Lee Rosenbaum understands the consequences of the move -- "How will AAMD’s watchdogs ever again be able to censure or sanction individual museums (as happened with the National Academy in New York and the Berkshire Museum in Pittsfield, MA) if they resort to monetizing their art in an attempt to secure their economic futures in future years, after the national emergency has passed?" -- but even she is on board: "For now, I’ll grudgingly concede that AAMD’s current action is a justifiable emergency rescue operation for the entire field, not merely an easy fix for a few poorly managed institutions."

And finally, Jonathan T.D. Neil says the changes actually don't go far enough because they only allow the use of interest (not principal) from acquisition funds: "Using interest rather than principal isn't going to cut it. Museums directors should be set free to sell works and then to use the entirety of that income to support their employees. That's a resolution that would be easy to commit to. ... Prioritizing assets (yes, they are assets) over people in extreme circumstances such as this (22m unemployed) is getting the value system wrong. If you are committed to your audiences, your publics, and to sustainability, it's the right thing to do."

UPDATE 2: Sergio Muñoz Sarmiento: "My more controversial side says that this whole deaccesioning in the time of the pandemic is really just hogwash. I mean, seriously, who cares what the AAMD thinks? At this point art institutions (museums, etc.) are so entrenched in the art stock market–which is to say, commercial viability–that the notion of a 'public good' has become nothing but academic and journalistic fodder."

UPDATE 3: Related: "This crisis has exposed the fragility of how museums do business. Very few have the cash reserves needed to continue operating."

UPDATE 4: Also related: "Still, the ability of arts organizations to weather this storm, while backstopped by state and philanthropic money, is, at best, tenuous. Once we get past the current crisis, arts organizations may need to rethink their funding models."

A documentary about the Knoedler scandal is about to be released

You can watch the trailer here.

Tuesday, April 14, 2020

"But in reality, the CASE Act will just help predatory law firms extract even more unjustified settlements from unsuspecting businesses and charities."

Conceptual lawprof (and Deaccessioning Hall of Fame Scholar-in-Residence) Brian Frye is not a fan of the proposed copyright small claims court: "The CASE Act will only make it cheaper and easier for copyright troll law firms to pursue meritless claims and enable them to extort settlements from blameless defendants. Trolls won’t even have to file an actual complaint in federal court, just what amounts to an administrative action before an agency appointee. That’s a mighty big stick, compared to a threatening letter."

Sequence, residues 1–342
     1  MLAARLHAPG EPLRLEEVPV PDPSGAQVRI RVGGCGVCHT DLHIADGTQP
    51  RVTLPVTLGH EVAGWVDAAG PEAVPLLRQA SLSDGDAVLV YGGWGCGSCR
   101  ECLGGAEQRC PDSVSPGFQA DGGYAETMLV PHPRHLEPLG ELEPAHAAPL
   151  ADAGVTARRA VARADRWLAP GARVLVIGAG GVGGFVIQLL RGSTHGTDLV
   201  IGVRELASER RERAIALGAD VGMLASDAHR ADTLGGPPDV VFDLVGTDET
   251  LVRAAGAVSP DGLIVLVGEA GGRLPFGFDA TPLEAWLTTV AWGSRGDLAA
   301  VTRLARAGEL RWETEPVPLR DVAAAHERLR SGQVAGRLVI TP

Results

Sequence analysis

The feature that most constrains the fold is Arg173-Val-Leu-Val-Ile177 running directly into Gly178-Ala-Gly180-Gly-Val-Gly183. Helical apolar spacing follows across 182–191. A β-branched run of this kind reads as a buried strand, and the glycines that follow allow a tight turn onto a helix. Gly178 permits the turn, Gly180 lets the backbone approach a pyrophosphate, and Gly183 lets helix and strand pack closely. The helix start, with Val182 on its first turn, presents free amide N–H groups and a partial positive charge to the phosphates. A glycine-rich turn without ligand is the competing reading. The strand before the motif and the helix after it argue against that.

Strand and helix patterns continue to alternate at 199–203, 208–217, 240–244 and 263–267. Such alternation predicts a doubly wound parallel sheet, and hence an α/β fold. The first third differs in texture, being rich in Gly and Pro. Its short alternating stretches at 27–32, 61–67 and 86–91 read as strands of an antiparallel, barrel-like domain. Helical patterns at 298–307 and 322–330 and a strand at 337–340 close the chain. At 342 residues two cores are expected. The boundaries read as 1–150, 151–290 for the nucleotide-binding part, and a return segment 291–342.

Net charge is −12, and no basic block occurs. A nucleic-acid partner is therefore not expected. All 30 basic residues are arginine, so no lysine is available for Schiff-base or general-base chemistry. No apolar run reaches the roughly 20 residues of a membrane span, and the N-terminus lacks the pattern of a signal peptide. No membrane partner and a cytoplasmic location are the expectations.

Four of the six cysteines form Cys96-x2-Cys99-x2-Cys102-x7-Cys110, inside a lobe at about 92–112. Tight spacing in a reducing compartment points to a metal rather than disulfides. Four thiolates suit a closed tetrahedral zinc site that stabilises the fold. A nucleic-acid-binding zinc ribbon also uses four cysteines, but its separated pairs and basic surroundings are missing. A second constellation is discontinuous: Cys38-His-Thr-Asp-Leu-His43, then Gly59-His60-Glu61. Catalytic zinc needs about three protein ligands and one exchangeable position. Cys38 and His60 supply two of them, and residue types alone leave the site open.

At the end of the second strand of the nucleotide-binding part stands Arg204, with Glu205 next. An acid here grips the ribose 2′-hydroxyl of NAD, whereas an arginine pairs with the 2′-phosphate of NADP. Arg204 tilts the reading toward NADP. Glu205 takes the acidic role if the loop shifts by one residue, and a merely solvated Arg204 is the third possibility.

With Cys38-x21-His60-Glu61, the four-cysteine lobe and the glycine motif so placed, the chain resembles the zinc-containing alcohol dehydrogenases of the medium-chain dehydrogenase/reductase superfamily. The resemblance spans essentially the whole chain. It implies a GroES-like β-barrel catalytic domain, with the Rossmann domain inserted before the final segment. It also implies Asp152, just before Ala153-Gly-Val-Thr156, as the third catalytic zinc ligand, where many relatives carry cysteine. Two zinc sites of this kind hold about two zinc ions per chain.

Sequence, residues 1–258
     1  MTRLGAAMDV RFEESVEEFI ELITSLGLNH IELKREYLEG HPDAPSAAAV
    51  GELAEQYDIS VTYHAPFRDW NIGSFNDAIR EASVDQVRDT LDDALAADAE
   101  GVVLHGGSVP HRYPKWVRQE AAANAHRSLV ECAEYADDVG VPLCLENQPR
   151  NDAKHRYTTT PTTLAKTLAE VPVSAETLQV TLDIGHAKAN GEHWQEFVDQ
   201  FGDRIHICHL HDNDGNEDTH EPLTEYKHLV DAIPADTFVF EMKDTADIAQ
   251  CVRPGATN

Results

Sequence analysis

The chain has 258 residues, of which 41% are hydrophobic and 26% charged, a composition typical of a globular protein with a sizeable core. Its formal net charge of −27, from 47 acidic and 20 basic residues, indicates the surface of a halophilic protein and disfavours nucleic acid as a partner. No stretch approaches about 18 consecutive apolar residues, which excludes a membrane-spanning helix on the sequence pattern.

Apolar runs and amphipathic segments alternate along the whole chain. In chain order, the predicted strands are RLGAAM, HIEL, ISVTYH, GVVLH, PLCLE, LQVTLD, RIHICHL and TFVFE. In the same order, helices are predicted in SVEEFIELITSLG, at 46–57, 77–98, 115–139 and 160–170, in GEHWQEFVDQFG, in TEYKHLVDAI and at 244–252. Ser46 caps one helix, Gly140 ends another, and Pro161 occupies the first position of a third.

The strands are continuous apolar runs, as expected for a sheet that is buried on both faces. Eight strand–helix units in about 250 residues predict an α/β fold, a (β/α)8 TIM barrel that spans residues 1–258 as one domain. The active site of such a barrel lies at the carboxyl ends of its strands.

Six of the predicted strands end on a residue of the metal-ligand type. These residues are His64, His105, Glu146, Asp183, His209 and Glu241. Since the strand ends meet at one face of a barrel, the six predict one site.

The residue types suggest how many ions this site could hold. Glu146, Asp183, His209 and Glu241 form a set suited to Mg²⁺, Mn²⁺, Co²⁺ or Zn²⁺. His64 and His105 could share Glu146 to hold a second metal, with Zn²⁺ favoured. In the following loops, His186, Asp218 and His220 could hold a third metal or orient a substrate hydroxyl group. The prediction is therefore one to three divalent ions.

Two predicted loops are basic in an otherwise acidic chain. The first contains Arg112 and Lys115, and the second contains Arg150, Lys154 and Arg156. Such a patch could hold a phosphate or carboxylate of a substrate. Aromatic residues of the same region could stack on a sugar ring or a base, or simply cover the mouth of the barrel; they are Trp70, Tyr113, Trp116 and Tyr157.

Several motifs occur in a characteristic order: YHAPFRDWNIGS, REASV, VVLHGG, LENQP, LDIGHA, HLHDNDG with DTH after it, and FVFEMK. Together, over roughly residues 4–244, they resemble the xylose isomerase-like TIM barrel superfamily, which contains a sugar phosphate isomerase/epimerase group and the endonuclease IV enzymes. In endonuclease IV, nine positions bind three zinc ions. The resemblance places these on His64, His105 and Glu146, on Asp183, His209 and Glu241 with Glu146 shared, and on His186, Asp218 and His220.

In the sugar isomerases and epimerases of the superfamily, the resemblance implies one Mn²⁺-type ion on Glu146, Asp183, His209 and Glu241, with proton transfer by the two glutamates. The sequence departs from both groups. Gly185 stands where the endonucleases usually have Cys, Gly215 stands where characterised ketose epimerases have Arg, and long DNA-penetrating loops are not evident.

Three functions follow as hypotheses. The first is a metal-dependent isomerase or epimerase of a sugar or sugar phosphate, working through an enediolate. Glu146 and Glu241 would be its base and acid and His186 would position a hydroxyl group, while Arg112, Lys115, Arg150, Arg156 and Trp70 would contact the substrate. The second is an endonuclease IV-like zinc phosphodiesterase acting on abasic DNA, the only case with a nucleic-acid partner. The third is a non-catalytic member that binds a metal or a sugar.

Background here. More from Daniel Grant in the Art Newspaper here.

"I can’t imagine that the museum associations will not be obliged to rethink the core requirements of economic survival in relation to some of the assets that they own in their collections."

Speaking of deaccessioning ... the above quote is from Allan Schwartzman's latest podcast with Charlotte Burns (it's just a passing thought in a much larger conversation about what a post-Covid art world might look like that's well worth listening to in its entirety).

I think that's his way of saying the museums may need to relax their strict rules regarding "operating cost" deaccessioning. Think of it this way. The Guggenheim (to take one example among many) just announced that it is furloughing 92 employees and reducing pay for another 85. If that could have been avoided by selling one work from its collection, would you do it? And if your answer is no, would you say an opposing view is repulsive?

Tell Steven Miller Again About the Public Trust

All American Museum Collections Are For Sale, Just Make An Offer.

"Thus, the Players, who were neither requested nor agreed to limit the display or depiction of the images tattooed onto their bodies, had implied licenses to use the Tattoos as elements of their likenesses."

I've mentioned before that there have been a series of lawsuits against sports video game makers by tattoo artists (for example, where the LeBron James character in a video game includes LeBron James's actual tattoos). Well, one video game maker has just won a significant victory in the Southern District in one of the cases, including (but not only) on implied license grounds, which should make Christopher Sprigman and Annmarie Bridy happy. Story here. Opinion here.

Art law scams, screw-ups, etc.

Assorted art law (and related) thoughts from Sergio Muñoz Sarmiento, including on the Christie's sales tax story ("During these times when not too many Benjamins are circulating, might be a good idea to play everything smart and maybe a little 'conservative'?), Dave Steiner's piece on the Second Circuit's recent 5Pointz decision ("Steiner’s question on how the developer/defendant in this case could have rebutted the plaintiff’s argument that 5Pointz was NOT a work of recognized stature is exquisite. How would the defendant’s rebut 'recognized stature'? Let me tell you that I cannot find one, not one, person in the art industry that is willing to state that 'something' is not art. Good luck defendants."), and Kenny Schachter on his relationship with The Talented Mr. Philbrick ("You’ll probably wonder, as does yours truly, how a seasoned art dealer like Schachter got played for a million like a tourist in Times Square.").

Friday, April 10, 2020